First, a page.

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Direct Trade Fast Food Coffee? Chick-Fil-A Announces Deal with Thrive

chick-fil-a farmer direct coffee thrive

The fast food coffee wars escalated this morning when Chick-fil-A announced it is partnering with Thrive Farmers Coffee to offer what the chicken empire is calling the industry’s “first-ever-specialty-grade coffee.” It also may be the first time a chain of Chick-fil-A’s size has ever marketed any kind of direct trade coffee relationship to consumers.

Thrive, also based in Georgia, was founded in 2011 by Michael Jones, a serial entrepreneur who left the medical supplies and insurance industry to create a coffee company that he says defies the traditional supply model by paying farmers up to 10 times more for green coffee, while stabilizing prices through annual contracts. “By being able to forecast supply and demand within the platform, 75% of the revenue from green beans and 50% of the revenue from roasted beans goes back to the farmer,” Thrive told Daily Coffee News in May.

(related: Chipotle Piloting Coffee Program with Philadelphia’s La Colombe)

For the Chick-fil-A deal, Thrive has created a house blend and an provided the coffee for an iced blend.

“The hand-picked, medium roast coffee offers a rich balance of flavors not typically seen in the quick-service industry, including notes of caramel and cocoa with a light citrus finish,” Chick-fil-A said today, adding that cups start at $1.59. The iced coffee, Chick-fil-A says, is “handcrafted daily” and “prepared with an exclusive blend of Thrive Farmers’ cold-brewed, specialty coffee beans and fresh two percent milk, sweetened with pure cane syrup and served over ice.” It is selling for $2.29 or $2.59.

Chick-fil-A says this is really the first time the company has given much thought to its coffee program, and some perception social responsibility and supply sustainability may prove to heal some of the lingering wounds among consumers from the infamous anti-same-sex comments made by the company’s COO Dan Cathy in 2012.

“We reflected on feedback from our customers who expressed that they wanted a better cup of coffee, and we found a partner who brought the added expertise we needed. The true magic of this relationship is that not only does the coffee taste great, we also found a partner who shares our belief that business can be bigger than the bottom line,” said David Farmer, vice president of product strategy and development for Chick-fil-A.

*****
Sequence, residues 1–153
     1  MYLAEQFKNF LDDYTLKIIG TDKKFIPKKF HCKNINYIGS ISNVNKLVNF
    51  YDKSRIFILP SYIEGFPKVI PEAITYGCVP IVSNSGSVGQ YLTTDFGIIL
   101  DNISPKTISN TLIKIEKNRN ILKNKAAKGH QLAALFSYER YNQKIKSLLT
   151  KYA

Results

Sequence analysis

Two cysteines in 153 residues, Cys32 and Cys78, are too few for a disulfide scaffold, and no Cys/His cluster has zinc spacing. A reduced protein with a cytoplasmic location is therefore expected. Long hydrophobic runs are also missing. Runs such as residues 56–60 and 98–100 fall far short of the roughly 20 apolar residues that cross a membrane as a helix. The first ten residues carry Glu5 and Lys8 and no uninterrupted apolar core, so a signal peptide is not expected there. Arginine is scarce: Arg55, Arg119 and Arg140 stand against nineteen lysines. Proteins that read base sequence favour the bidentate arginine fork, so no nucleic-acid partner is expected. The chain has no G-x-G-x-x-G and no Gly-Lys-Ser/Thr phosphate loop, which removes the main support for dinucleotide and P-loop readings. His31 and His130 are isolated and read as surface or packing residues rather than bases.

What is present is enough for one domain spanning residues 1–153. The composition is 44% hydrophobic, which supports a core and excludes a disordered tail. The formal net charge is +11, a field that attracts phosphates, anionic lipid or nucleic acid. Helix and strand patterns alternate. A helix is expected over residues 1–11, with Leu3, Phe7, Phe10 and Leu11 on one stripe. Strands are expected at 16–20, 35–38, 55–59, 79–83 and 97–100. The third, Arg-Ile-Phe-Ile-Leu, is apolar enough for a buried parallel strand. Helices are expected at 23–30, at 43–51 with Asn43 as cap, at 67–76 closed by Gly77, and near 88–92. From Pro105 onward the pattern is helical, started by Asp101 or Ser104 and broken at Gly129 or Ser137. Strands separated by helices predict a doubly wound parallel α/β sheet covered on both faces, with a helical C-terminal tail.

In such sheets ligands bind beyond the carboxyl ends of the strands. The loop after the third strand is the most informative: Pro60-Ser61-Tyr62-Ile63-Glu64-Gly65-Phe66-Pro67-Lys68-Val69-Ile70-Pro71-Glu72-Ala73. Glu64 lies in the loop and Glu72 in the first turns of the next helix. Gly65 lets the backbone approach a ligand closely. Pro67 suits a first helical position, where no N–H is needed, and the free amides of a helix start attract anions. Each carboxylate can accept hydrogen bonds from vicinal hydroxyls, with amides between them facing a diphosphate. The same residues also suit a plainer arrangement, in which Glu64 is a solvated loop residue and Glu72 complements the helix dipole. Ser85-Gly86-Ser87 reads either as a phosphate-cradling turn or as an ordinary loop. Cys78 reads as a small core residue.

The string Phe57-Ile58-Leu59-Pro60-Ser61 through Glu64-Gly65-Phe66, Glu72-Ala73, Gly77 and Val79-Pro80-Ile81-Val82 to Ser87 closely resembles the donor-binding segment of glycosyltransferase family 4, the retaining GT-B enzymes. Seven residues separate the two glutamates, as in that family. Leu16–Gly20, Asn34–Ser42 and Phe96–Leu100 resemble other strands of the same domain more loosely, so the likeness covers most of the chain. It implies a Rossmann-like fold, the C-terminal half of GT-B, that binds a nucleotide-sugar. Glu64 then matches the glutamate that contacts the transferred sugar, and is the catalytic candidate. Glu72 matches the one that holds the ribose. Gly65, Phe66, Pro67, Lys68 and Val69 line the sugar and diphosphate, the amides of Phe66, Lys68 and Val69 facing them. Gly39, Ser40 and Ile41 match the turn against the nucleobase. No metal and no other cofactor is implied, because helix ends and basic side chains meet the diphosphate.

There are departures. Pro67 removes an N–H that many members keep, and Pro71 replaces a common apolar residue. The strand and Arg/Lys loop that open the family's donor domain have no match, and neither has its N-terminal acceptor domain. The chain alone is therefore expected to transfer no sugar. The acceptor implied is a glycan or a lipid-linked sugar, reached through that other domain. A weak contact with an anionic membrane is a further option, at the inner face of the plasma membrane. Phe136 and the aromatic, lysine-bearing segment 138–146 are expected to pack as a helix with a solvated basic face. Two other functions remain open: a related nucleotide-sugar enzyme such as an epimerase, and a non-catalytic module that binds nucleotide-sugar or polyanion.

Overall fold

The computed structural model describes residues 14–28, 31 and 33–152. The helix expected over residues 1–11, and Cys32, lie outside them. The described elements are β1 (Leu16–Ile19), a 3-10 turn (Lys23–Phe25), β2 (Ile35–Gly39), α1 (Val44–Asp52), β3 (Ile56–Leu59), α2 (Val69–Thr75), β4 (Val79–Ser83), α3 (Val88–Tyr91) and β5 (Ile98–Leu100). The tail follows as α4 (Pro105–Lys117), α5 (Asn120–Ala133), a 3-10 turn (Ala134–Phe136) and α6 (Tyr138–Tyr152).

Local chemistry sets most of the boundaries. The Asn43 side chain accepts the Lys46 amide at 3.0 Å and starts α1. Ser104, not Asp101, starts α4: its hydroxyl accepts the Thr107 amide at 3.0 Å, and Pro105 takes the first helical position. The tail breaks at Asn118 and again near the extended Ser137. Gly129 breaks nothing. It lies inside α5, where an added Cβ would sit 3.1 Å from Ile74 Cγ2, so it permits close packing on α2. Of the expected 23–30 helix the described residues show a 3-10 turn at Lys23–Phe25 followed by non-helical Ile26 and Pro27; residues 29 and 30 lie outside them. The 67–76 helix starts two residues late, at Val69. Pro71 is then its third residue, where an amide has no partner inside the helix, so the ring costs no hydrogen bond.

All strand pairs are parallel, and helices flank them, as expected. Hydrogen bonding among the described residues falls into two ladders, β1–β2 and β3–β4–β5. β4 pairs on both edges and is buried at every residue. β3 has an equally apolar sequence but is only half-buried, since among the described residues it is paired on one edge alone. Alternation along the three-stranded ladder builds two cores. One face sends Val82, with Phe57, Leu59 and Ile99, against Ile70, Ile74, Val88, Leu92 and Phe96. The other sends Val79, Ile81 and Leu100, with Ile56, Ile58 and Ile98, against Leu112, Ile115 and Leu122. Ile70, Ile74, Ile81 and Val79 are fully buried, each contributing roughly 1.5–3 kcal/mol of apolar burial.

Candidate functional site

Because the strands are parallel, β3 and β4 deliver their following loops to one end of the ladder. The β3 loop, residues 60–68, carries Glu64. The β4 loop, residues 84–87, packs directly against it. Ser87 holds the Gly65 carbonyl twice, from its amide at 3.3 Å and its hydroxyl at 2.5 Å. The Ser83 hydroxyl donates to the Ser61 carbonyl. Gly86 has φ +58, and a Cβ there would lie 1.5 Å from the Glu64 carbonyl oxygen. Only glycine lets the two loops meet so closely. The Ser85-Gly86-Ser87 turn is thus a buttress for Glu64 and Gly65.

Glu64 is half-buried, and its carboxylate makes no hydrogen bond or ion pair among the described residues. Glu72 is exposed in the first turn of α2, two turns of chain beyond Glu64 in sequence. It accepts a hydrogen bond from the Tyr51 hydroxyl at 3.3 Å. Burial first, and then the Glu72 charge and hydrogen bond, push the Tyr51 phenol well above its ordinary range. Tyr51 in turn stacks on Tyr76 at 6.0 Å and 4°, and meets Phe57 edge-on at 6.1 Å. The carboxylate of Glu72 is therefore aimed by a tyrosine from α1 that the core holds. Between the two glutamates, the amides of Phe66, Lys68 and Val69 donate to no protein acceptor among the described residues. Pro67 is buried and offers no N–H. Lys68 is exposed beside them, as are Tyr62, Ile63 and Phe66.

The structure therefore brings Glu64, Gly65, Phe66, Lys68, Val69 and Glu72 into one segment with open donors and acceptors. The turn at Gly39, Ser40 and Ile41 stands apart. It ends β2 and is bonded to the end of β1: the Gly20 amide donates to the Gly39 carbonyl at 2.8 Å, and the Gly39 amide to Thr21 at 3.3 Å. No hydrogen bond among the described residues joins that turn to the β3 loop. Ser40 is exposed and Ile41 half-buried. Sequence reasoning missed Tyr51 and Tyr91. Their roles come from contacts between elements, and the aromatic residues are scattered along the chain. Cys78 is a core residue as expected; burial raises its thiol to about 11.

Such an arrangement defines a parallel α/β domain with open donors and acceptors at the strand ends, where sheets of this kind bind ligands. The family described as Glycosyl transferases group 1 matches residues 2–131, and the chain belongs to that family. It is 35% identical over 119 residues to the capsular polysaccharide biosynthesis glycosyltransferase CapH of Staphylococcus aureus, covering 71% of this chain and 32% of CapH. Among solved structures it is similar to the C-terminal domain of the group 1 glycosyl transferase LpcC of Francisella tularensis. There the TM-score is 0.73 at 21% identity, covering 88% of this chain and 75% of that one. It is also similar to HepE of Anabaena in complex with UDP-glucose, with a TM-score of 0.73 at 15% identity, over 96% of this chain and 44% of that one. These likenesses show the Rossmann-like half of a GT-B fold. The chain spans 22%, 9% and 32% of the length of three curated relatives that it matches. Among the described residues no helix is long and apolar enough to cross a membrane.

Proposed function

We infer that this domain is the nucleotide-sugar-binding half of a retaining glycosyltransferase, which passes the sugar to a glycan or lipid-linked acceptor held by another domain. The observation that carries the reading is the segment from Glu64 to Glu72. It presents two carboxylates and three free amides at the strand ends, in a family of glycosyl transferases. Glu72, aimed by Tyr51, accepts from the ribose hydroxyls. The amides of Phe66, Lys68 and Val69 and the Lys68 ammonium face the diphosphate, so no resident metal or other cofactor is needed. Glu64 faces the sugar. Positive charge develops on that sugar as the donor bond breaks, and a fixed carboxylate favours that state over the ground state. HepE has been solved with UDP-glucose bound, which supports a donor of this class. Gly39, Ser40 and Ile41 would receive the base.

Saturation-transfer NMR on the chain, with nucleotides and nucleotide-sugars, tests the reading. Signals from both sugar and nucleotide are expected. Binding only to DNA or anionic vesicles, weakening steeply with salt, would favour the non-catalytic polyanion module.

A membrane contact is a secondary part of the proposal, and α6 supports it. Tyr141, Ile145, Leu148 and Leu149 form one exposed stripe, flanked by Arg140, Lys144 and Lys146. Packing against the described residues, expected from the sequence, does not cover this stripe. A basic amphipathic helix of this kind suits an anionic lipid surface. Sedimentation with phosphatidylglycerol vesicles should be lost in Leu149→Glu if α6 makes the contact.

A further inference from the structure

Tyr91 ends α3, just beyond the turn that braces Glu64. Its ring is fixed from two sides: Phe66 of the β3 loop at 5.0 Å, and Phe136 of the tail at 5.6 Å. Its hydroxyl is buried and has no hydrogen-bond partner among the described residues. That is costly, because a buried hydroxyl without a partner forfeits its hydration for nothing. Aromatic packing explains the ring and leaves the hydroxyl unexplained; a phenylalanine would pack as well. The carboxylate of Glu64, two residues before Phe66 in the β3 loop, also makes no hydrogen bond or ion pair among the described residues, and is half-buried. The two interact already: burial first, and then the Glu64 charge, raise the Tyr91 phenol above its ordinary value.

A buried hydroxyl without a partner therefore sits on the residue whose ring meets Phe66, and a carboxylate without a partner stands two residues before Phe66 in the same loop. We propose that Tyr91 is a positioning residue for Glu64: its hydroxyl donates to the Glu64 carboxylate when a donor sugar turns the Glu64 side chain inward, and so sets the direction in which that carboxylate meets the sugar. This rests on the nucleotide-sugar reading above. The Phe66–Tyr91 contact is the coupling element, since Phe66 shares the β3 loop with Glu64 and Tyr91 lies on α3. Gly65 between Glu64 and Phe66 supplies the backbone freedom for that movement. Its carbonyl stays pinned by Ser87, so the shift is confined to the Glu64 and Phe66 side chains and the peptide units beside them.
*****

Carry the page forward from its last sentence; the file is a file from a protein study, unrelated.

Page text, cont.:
The Chick-fil-A deal is obviously a big one for growing Thrive, which earlier this year told Daily Coffee News that it had expanded its network of largely smallholder farmers to more than 5,000 and planned in 2014 to purchase more than 3 million pounds of coffee, an increase by more than five times over 2013. The company also announced in May that coffee industry veteran Brewed Behavior founder and former Zoka Coffee owner Tracy Allen was coming on as Chief Coffee Officer.

From the beginning, Thrive has put a lot of resources into marketing its model, and those marketing forces are now combined with Chick-fil-A in a new website called Coffee With a Story, which gets into Thrive’s “farmer direct” model and provides some loose definitions of “specialty grade.” The video shows to-go cups of the new blends that read “farmer-direct: Specialty grade coffee.”

We’ve seen countless fast-food chains market coffee as the generic “premium,” and more recently, we’ve seen first-of-their-kind certification claims from the likes of McDonald’s. But this marks the first time a concept of direct trade has been brought into the mainstream, even among the world’s largest coffee companies. We can only hope their is some level of transparency moving forward.




So many coffee drinkers and at my office an individual must “go get that coffee and feed coffee drinkers habit”. Coffee is like any other product you must know how to advertise to sell the product. Looks like Mr. Jones goes from making money on one product then when his product doesn’t sell to the public well he strives to go forward and sell another product.
The main point is do not expand or extend your money out to far or one will go broke. The more you sell the more you make. Sounds like Mr. Jones needs a second chance. Failure is not giving yourself that second chance to do better. Failure does not equal quitting.
A chance to have better advertising and decision making skills. He must learn that failure is not learning to prepare and give oneself a second chance to do a better job on the second try.


I’ve read the article 3 times and I don’t know what you’re talking about concerning Mr. Jones. Please explain.


“Lingering wounds among consumers from the infamous anti-same-sex comments made by the company’s COO”? Your incredible bias is showing! What’s so infamous about having an opinion that was shared, until recently, even by Obozo himself? And consumers hardly felt under attack by mild-mannered Mr. Cathy — they turned out in droves to support the company.

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